ZHENGZHOU, April 24 (Xinhua) -- A boar tusk carving of a silkworm, dating back over 5,000 years, was unearthed in central China's Henan Province.
The carving, 6.4cm long, nearly 1cm wide and 0.1cm thick, was believed to be China's earliest carving depicting silkworms, said the archaeology institute in Zhengzhou, capital of Henan Province.
Experts speculate that the silkworm was spinning as the artwork is in the full shape of the letter C with its back hunching and head and tail up.
"The spinning shape of the carving suggests that ancient Chinese people were familiar with the habits of silkworms," said Gu Wanfa, head of the institute.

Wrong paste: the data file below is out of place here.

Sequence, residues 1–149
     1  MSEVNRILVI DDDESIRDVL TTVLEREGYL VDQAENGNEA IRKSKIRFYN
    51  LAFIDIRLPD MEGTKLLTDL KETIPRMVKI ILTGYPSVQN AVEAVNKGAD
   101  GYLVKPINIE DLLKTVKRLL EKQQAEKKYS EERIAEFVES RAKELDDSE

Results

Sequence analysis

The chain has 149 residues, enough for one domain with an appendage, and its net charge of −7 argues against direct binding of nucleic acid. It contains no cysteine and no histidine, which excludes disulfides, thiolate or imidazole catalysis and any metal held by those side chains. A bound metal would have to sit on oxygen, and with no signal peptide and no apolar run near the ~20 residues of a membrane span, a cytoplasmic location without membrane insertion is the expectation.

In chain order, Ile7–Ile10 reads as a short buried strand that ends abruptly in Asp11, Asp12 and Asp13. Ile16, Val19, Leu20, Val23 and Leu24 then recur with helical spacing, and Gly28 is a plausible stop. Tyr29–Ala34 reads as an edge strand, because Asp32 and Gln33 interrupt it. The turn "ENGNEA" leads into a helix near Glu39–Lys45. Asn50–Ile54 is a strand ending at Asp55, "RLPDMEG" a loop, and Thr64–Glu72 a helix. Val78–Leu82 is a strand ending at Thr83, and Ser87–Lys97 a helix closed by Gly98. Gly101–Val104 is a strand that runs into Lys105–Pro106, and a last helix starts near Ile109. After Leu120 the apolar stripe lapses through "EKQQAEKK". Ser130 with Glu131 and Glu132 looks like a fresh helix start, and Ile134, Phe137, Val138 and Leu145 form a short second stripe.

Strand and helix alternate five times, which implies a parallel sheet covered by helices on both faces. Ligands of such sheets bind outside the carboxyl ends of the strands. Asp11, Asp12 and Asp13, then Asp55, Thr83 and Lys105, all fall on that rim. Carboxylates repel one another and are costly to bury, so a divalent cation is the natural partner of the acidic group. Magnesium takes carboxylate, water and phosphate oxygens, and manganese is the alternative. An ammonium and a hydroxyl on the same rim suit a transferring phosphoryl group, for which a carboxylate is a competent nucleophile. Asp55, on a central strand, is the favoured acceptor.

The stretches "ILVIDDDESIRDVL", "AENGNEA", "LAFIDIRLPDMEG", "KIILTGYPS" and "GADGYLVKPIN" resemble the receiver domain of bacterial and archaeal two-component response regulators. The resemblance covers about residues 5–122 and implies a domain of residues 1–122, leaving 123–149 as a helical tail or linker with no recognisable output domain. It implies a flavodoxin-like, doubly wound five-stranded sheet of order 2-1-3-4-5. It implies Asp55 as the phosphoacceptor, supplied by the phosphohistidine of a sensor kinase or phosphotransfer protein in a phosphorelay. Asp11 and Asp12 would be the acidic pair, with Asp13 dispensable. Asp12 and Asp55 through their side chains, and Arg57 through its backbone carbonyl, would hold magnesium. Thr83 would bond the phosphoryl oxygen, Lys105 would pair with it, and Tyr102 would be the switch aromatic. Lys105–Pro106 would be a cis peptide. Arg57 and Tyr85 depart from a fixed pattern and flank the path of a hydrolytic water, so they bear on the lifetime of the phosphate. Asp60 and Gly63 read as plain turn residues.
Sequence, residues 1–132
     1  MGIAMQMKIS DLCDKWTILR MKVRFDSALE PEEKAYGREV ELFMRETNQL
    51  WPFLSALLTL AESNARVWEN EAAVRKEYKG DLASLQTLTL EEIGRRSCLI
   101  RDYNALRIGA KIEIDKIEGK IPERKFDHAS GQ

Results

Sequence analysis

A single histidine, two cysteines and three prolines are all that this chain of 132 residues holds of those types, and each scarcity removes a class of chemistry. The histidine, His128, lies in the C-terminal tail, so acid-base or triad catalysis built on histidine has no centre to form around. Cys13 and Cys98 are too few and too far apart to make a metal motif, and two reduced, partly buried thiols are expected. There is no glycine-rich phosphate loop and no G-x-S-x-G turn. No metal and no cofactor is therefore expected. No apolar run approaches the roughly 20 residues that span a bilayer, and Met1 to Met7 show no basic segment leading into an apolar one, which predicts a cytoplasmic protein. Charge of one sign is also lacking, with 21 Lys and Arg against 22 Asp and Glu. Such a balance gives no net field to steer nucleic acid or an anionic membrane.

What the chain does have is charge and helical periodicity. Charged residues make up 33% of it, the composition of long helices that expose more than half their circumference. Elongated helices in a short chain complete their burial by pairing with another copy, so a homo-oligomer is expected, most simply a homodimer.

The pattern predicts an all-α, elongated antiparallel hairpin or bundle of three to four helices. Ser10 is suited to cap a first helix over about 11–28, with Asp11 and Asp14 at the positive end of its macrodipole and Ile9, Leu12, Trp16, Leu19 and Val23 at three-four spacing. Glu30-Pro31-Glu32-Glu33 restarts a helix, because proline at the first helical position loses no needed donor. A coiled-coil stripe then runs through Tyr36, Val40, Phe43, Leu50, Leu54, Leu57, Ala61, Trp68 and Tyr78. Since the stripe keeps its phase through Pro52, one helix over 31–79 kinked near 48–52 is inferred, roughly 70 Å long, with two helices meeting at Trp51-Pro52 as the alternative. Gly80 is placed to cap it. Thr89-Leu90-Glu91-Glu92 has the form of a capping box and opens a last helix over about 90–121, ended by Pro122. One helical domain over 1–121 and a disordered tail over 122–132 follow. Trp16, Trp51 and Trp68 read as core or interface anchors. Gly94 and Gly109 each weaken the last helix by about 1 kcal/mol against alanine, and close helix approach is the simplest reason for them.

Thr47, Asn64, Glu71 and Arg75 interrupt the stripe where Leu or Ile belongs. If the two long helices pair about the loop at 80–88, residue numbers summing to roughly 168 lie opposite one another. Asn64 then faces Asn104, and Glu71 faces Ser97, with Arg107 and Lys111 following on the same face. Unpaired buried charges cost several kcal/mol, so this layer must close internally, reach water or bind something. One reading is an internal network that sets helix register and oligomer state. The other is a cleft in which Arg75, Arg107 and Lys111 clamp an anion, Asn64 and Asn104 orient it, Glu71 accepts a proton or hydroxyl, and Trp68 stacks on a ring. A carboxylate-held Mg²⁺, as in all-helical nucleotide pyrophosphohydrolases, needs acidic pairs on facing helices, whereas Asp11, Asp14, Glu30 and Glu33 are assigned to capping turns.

Gu said the ancients in the Central Plain had also mastered the skills of silk farming given the silk relics found at two nearby archaeological sites that can be dated back to the Neolithic Age.
The artwork will contribute to the study of the origin of silk and related handicraft industry, Gu added.
The tusk craving was discovered in the Shuanghuaishu Remain in Gongyi City, believed to be one of the key birthplaces of Chinese civilization.